On 6th March 1988 three IRA terrorists were shot dead by the SAS in Gibraltar... straight after the British Government defended the killings in Parliament. The "Gibraltar Three" – Mairead Farrell, Sean Savage, and Daniel McCann – had been intending to detonate a car bomb on a square, and a gun battle had been necessary to stop them. However, it soon became known that they had been unarmed, and that the car in question did not contain the semtex. Notwithstanding these facts it still took an award-winning documentary to reveal the "truth" to the British public – when the IRA terrorists had been shot their arms had been up in the air in surrender.

This new play by Alastair Brett and Sian Evans examines how this case was presented by the press, who mostly supported the line taken by the British Government. Could the SAS have been sure the three were unarmed? Could they not have been about to detonate a bomb remotely? With respect to the bomb material soon being discovered in Spain, did this not just prove their intent? On the other hand, the documentary centred around the testimony of a late witness – it was through her that the IRA gained a huge propaganda coup. Her portrayal showed the SAS as Thatcher's lawless assassins. So where does the real truth lie?

Gibraltar as a play is not particularly dramatic, mainly because it concentrates upon presenting the issues. Indeed, it sometimes feels like another documentary. Geoffrey Howe, Foreign Secretary at the time, is shown on TV screens speaking in the Commons; there are accounts from the Gibraltar Coroner's Court; there are police reports. With the performances feeding off these elements, they feel quite stagey, not least in their delivery. But the fault lies with the script, rather than the actors or James Robert Carson's direction.

George Irving plays an experienced journalist, Nick, who has long been based in Gibraltar. He pays his sources to gain a firm understanding of its underworld including the IRA's involvement in Moroccan drug running, and MI6 "black-ops". He is fairly convincing in his cynicism and he is wise to refrain from drinking too hard. Unfortunately though, he is left to do too much exposition. Greer Dale-Foulkes plays opposite him, as the young Amelia. Amelia is the documentary-maker, who believes that her standards of journalism are higher. Ultimately, it is suggested that she may have been manipulated by the IRA. Dale-Foulkes is consistently solid in her role, although the role of the earnest investigator is a two-dimensional one.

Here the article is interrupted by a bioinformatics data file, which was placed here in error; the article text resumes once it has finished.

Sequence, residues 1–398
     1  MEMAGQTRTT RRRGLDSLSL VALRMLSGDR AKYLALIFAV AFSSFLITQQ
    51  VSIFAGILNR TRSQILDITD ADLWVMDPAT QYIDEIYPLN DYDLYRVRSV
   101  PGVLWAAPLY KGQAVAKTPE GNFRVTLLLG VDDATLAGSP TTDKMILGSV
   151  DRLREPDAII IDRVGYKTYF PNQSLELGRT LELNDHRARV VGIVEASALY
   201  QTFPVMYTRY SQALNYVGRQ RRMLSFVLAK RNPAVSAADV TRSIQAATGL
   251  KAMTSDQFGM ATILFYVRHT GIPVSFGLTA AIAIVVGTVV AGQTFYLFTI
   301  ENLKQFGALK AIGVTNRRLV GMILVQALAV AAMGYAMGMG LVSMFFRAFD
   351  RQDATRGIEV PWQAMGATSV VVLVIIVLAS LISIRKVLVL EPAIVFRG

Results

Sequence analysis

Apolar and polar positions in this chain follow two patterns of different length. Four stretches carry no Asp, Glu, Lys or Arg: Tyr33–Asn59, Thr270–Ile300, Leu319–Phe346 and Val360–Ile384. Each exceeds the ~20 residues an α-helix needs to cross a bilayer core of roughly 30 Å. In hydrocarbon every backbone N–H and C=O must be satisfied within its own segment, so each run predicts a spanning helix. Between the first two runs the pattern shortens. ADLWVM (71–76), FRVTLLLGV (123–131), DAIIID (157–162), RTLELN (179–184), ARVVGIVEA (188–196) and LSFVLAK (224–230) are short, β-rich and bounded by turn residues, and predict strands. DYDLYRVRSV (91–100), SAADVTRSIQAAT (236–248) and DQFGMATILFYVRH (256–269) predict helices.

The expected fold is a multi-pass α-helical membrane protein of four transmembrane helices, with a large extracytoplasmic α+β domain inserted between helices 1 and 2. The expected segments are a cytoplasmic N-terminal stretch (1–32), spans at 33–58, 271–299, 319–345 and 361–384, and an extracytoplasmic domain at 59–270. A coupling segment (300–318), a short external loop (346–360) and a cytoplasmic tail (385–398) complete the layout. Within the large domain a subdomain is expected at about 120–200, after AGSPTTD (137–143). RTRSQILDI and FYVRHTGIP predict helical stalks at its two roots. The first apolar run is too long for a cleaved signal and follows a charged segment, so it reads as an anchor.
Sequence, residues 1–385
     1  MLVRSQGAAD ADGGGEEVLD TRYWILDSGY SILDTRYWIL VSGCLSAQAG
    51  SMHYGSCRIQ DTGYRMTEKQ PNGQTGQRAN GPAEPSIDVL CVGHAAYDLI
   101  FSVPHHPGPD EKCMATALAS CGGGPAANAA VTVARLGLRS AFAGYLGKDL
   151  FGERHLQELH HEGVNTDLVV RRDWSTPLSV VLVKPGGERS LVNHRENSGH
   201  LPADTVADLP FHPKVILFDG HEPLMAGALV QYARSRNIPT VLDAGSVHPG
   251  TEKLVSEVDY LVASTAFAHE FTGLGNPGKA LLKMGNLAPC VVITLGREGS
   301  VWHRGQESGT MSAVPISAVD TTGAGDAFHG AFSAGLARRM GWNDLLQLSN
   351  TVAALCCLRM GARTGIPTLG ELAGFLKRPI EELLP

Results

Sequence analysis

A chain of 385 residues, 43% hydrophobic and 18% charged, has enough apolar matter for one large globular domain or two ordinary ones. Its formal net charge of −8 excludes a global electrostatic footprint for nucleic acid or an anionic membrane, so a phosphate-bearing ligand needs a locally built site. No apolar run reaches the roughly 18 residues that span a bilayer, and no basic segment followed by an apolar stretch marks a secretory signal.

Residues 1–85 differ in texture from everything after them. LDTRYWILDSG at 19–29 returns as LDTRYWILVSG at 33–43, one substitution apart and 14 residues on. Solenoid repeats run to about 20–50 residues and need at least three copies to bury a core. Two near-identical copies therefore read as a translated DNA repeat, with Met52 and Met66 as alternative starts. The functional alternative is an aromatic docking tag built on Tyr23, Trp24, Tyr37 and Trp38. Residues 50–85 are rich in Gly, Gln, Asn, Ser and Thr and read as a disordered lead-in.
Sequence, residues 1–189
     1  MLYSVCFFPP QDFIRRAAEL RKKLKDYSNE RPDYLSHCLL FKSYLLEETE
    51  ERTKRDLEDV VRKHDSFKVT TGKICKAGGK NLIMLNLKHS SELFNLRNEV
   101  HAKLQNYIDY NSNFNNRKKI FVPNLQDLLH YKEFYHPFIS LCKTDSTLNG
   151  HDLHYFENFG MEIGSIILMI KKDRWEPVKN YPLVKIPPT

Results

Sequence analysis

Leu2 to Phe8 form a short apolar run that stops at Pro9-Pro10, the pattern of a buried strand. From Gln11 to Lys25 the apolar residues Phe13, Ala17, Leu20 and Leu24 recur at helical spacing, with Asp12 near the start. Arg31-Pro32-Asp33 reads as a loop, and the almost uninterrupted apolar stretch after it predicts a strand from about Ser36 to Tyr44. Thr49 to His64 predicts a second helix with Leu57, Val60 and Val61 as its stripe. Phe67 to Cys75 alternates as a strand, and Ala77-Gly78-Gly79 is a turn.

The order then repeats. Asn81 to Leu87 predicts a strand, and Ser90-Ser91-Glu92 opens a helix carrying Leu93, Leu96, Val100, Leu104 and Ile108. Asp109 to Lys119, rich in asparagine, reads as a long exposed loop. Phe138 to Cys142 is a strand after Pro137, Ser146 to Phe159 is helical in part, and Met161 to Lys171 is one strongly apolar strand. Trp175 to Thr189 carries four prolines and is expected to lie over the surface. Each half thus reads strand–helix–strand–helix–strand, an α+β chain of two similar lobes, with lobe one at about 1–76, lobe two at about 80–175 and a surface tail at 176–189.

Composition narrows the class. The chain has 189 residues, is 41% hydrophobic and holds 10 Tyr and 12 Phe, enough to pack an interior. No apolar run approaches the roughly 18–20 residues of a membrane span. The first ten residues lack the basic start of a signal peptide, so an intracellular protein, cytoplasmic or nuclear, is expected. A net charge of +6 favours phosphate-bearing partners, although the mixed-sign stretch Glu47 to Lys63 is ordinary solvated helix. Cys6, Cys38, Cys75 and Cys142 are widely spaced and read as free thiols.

The support actors were given greater challenges and both of them delivered. Billy McColl plays the drug runner Tommy with a nice mixture of menace and vulnerability. He is able to develop his character, in that we gradually learn about his past and about his being an MI6 informer. In various other small parts he shows great facility in switching between accents. Finally, Karina Fernandez intrigues as the elusive Rosa, the late witness in the documentary, whose motivations are never clear. In her inquest appearance she barely wavers in defending her integrity, yet a number of stories (tabloids) about her past cast doubts upon this.

Gibraltar features quite a few sudden changes of scene, which was was helped by Mike Robertson's imaginative lighting design. One moment the actors were in a Mediterranean daylight, the next they were in the gloom of an aquarium. The AV design was, unfortunately, less successful. From time to time images upon a set of TV screens set the scene for the action, but a shot of the rock of Gibraltar, for example, seemed awkward. 

Gibraltar works as an examination of whether or not the shooting of the "Gibraltar Three" was lawful. It explores all the theories of what happened upon 6th March 1988, whilst touching upon the moral dimensions. Where it is less successful is in its principal aim: the ethics of journalism. Much more emphasis is placed upon the documentary version of events – by comparison to tabloid versions, too much. The basic differences are repeated over and over, making the play not as nuanced as it might have been. All in all, Gibraltar is worth seeing for what proved to be a seminal moment in the history of The Troubles. Moreover, we leave the theatre wondering how much can we trust any of our news sources.

Gibraltar, at Arcola TheatreAndy Dickinson reviews Gibraltar at Arcola Theatre.3